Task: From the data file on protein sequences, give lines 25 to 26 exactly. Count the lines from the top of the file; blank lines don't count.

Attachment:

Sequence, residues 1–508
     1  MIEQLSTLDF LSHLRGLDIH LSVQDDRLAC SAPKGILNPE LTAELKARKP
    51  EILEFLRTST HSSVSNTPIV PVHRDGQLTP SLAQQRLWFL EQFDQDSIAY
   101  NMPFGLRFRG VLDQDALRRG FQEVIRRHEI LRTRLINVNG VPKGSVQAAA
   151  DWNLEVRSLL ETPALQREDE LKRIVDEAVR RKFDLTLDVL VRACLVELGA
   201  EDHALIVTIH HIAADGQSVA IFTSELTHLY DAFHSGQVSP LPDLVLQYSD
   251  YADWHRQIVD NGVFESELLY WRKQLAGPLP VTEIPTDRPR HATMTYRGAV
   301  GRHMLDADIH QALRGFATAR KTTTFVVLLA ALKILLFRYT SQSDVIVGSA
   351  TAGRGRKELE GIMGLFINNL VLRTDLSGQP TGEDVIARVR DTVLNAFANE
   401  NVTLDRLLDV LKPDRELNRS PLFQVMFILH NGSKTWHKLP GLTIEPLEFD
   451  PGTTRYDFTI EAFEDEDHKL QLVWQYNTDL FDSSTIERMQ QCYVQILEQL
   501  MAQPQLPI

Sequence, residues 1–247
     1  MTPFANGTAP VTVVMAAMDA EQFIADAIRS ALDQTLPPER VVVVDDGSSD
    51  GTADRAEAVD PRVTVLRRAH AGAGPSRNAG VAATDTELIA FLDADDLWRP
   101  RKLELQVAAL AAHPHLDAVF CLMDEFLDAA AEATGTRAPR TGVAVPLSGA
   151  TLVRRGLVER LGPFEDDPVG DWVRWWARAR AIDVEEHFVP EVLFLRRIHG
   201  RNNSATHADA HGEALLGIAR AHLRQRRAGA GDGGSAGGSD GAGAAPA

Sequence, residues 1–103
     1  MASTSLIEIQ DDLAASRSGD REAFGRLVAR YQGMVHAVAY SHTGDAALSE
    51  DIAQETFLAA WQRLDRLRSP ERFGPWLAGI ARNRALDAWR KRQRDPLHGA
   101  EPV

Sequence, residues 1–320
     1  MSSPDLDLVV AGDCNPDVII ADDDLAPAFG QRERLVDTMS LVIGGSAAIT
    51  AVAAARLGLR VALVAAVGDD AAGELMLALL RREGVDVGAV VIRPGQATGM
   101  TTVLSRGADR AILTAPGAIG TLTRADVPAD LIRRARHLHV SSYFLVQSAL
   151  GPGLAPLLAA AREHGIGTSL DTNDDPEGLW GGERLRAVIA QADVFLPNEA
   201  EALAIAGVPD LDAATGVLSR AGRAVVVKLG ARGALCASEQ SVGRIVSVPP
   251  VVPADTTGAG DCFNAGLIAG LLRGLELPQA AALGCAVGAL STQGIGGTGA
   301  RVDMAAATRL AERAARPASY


    51  AVAAARLGLR VALVAAVGDD AAGELMLALL RREGVDVGAV VIRPGQATGM
   101  TTVLSRGADR AILTAPGAIG TLTRADVPAD LIRRARHLHV SSYFLVQSAL